Family : Musaceae
Text © Pietro Puccio
English translation by Mario Beltramini
The species is native to Assam, Myanmar, northern Thailand and north-western India, where it grows in the deciduous and semi-deciduous forests in the valleys and along the rocky hill slopes.
The name of the genus is the local (Abyssinia) one referred to the Ensete ventricosum; the name of the species is the Latin adjective “superbus, a, um” = superb, magnificent, with obvious reference.
Common names: cliff banana, rock banana, western hill banana, wild plantain (English); jungli kela (Hindi); bahuja (Sanskrit); kluai pha (Thai).
The Ensete superbum (Roxb.) Cheesman (1948) is an erect monocarpic rhizomatous herbaceous species with single stem, 3-3,5 m tall, with pseudo stem formed by the persistent foliar bases strictly wrapping one over the other, almost conical, 0,9-1,2 m tall with a diameter of about 70 cm at the base and 30 cm at the apex under the leaves. The leaves, on a deeply grooved petiole, are simple, entire, oblong-lanceolate, 1,5-3 m long and 50-90 cm broad, of bright green colour. The inflorescence is a curved terminal spike on a robust peduncle, 0,5-1 m long, with groups of 10-15 flowers arranged on two series along the floral axis, each one covered by thick ovate bracts, about 25 cm long and 20 cm broad, opening in succession, persistent, of reddish brown colour. At the base of the inflorescence are present female flowers, followed by the male ones in the terminal part. The fruits are oblong berries with almost triangular section, about 7 cm long and of 3,5 cm of diameter, containing subglobose blackish brown seeds rather angulate due to the mutual pressure, of 0,8-1,2 cm of diameter.
In the humid warm regions it is evergreen with three years life cycle, in the monsoonal ones the aerial part dies during the dry season and grows again during the rain season, with a four years cycle.
It reproduces by seed, previously kept in water for two days, in sandy loam maintained humid at the temperature of 26-28 °C with variable germination times starting from about one month, and by micropropagation. It can be propagate vegetatively by cutting at the base the pseudo stem of a plant who is on the way of blooming and emptying the rhizome at the centre and filling it with topsoil, in this way we may get some plants that can be detached, not simple operation and, of course, at the expense of the mother plant.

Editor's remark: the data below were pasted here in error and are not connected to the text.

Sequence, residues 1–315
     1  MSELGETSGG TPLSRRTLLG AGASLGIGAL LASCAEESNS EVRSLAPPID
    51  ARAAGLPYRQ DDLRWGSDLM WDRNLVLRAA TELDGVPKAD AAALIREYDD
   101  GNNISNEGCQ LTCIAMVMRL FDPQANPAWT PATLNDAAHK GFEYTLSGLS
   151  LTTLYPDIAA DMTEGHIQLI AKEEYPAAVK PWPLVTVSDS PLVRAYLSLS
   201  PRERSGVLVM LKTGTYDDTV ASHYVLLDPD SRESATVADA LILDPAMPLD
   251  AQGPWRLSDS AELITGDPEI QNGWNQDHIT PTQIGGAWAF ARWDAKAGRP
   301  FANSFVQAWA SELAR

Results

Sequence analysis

Fairly rare species with magnificent foliage, cultivable in the humid tropical and subtropical zones, its cultivation may be tried in the warm temperate ones where temperatures of some degree lower than 0 °C are short lasting exceptions. Can be utilized isolated or in group in parks and gardens in full sun or slight shade and sheltered from the winds which would harm the large leaves; it is not particular about the soil, even poor, provided draining, constantly maintained humid during the vegetative period. It can be cultivated in capacious containers, in organic loam with addition of sand or agri-perlite per 30%, for the decoration of greenhouses and particularly luminous winter gardens, with winter lowest preferably not under the 10 °C; the waterings must be regular and abundant in summer, more spaced in winter allowing the substratum to dry up almost completely.
The species has also a special religious meaning in the Buddhist culture and is planted close to the monasteries.
Since long time the ground seeds are used in the traditional medicine for various pathologies; laboratory studies have evidenced in the extracts the presence of bioactive substances such as alkaloids, phenols, flavonoids, saponins, etc. and anti-inflammatory activity which requires further studies.
Synonyms: Musa superba Roxb. (1811).